Rosella Bernice Henry was born on July 31, 1924, in Swan River, a town in rural Manitoba. After her father died in 1936, her mother re-married and the family relocated to Calgary, Alberta, during the early 1940s. Rosella left school part-way through grade nine and worked at a laundry to earn extra income for her family. For four months, she was employed as a mechanic’s helper at No.31 Elementary Flying Training School (EFTS) situated on the periphery of Calgary.
Once the E.F.T.S. closed, Rosella decided it was time enlist in the war effort. Like almost 22,000 Canadian women, she joined the Canadian Women’s Army Corps (C.W.A.C.) in 1944. To be accepted, women needed to meet strict standards: They needed to measure at least five feet, weigh approximately 105 pounds, have completed grade eight, and be between 18 and 45 years of age with no dependents. Women were then assigned to one of 55 different trades, and while many mirrored their civilian roles such as cooking, typing, or operating the telephone switchboard, some had the opportunity to practice unconventional trades like vehicle maintenance.
Rosella travelled to Kitchener, Ontario where she received basic training. Her superiors regarded her as someone who “seem[ed] quite conscientious and serious minded and would fit in well wherever place[d].” Members of the C.W.A.C. were assigned to various theatres of combat, including Europe and the Pacific, though most served in Canada as did Rosella; She was posted to Halifax in January of 1945.
It was the final days of August 1945 – hardly two weeks after VJ-Day – when Florence Ellis received word that her daughter had died while on duty. Rosella was behind the wheel of a forklift, trying to top a ramp, when the 2,700-kilogram (6,000-pound) vehicle overturned and pinned her to the ground. She was rushed to the Halifax Military Hospital with fractured ribs and multiple other injuries. She died two days later on the morning of August 25, 1945. An inquiry concluded that there were no wrongdoings and the event had been entirely accidental.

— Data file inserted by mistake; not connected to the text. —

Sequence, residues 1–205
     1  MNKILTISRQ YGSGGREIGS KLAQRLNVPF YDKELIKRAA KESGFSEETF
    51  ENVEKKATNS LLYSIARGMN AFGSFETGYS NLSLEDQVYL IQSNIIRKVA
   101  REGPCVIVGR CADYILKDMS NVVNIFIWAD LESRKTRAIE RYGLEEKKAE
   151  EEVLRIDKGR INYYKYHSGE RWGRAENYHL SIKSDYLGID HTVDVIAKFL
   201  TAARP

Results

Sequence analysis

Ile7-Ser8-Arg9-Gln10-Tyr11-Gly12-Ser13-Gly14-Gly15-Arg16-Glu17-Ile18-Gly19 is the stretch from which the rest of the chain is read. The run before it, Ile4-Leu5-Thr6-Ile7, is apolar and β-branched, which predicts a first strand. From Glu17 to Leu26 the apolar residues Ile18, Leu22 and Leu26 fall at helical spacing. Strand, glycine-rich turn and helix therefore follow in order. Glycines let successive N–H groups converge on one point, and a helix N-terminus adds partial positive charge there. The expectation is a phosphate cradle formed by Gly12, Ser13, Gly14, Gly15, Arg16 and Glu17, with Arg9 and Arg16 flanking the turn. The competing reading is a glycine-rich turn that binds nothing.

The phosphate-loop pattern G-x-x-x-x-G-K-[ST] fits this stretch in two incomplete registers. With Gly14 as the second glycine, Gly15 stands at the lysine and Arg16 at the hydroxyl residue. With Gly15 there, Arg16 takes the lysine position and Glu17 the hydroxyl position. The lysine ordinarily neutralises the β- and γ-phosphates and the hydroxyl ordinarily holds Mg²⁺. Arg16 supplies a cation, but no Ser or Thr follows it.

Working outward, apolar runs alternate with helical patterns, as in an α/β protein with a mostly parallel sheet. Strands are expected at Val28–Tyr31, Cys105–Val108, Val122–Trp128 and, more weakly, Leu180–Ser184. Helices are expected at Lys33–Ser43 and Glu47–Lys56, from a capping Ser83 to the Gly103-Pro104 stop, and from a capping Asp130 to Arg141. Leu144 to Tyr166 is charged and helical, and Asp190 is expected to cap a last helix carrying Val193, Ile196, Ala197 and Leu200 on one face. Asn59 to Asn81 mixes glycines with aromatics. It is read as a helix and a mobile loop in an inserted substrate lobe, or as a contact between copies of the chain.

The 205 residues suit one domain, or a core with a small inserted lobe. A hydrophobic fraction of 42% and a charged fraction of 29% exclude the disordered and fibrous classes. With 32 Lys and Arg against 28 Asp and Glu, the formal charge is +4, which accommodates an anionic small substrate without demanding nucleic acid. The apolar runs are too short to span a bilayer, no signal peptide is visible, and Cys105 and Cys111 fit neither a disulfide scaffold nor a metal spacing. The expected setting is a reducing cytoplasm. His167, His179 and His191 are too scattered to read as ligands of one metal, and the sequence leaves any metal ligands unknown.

Her mother was deeply affected by Rosella’s passing because it followed the death of Rosella’s brother, Corporal Gordon Henry, in 1943. (He had been the first Calgarian to die in the Italian Campaign.) Similarly to other parents, Mrs. Ellis was unable to be by her children’s side; this complicated her grief as she desperately relied on the testimony of other soldiers to find comfort.
On account of her 324 days of service, Rosella was decorated with the War Medal and the Canadian Volunteer Service Medal. She is buried in the Burnsland Cemetery in Calgary.
Main Photo: Portrait of Rosella Henry and her gravestone. (Credit: Canadian Virtual War Memorial)
Dundas, Barbara and Dr. Serge Durflinger. “The Canadian Women’s Army Corps, 1941-1946.” Accessed May 28, 2021. The Canadian Women’s Army Corps, 1941-1946 | Dispatches | Learn | Canadian War Museum
Library and Archives Canada. “25990: Grover, Ronald- Henry, Rosella Bernice.” Canada, World War II Records and Service Files of War Dead, 1939-1947. Ottawa, Canada.
Veterans Affairs Canada. “Canadian Virtual War Memorial, In memory of: Roselle Bernice Henry.” Last modified on April 7, 2021. Rosella Bernice Henry – The Canadian Virtual War Memorial – Veterans Affairs Canada